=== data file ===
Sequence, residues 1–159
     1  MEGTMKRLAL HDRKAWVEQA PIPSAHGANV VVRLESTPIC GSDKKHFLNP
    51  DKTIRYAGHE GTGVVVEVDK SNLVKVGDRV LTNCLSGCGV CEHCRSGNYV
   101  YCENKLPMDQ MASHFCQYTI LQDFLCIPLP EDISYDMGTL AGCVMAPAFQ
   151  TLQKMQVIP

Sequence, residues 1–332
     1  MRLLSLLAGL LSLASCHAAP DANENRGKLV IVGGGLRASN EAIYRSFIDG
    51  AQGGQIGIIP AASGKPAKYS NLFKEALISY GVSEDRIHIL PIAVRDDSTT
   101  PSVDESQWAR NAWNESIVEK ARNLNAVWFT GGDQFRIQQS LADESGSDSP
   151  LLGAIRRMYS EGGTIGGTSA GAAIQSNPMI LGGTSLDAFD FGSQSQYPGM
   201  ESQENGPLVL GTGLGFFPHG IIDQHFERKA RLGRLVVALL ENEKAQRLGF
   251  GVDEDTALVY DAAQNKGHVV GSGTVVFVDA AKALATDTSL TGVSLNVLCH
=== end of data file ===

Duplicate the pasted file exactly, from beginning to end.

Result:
Sequence, residues 1–159
     1  MEGTMKRLAL HDRKAWVEQA PIPSAHGANV VVRLESTPIC GSDKKHFLNP
    51  DKTIRYAGHE GTGVVVEVDK SNLVKVGDRV LTNCLSGCGV CEHCRSGNYV
   101  YCENKLPMDQ MASHFCQYTI LQDFLCIPLP EDISYDMGTL AGCVMAPAFQ
   151  TLQKMQVIP

Sequence, residues 1–332
     1  MRLLSLLAGL LSLASCHAAP DANENRGKLV IVGGGLRASN EAIYRSFIDG
    51  AQGGQIGIIP AASGKPAKYS NLFKEALISY GVSEDRIHIL PIAVRDDSTT
   101  PSVDESQWAR NAWNESIVEK ARNLNAVWFT GGDQFRIQQS LADESGSDSP
   151  LLGAIRRMYS EGGTIGGTSA GAAIQSNPMI LGGTSLDAFD FGSQSQYPGM
   201  ESQENGPLVL GTGLGFFPHG IIDQHFERKA RLGRLVVALL ENEKAQRLGF
   251  GVDEDTALVY DAAQNKGHVV GSGTVVFVDA AKALATDTSL TGVSLNVLCH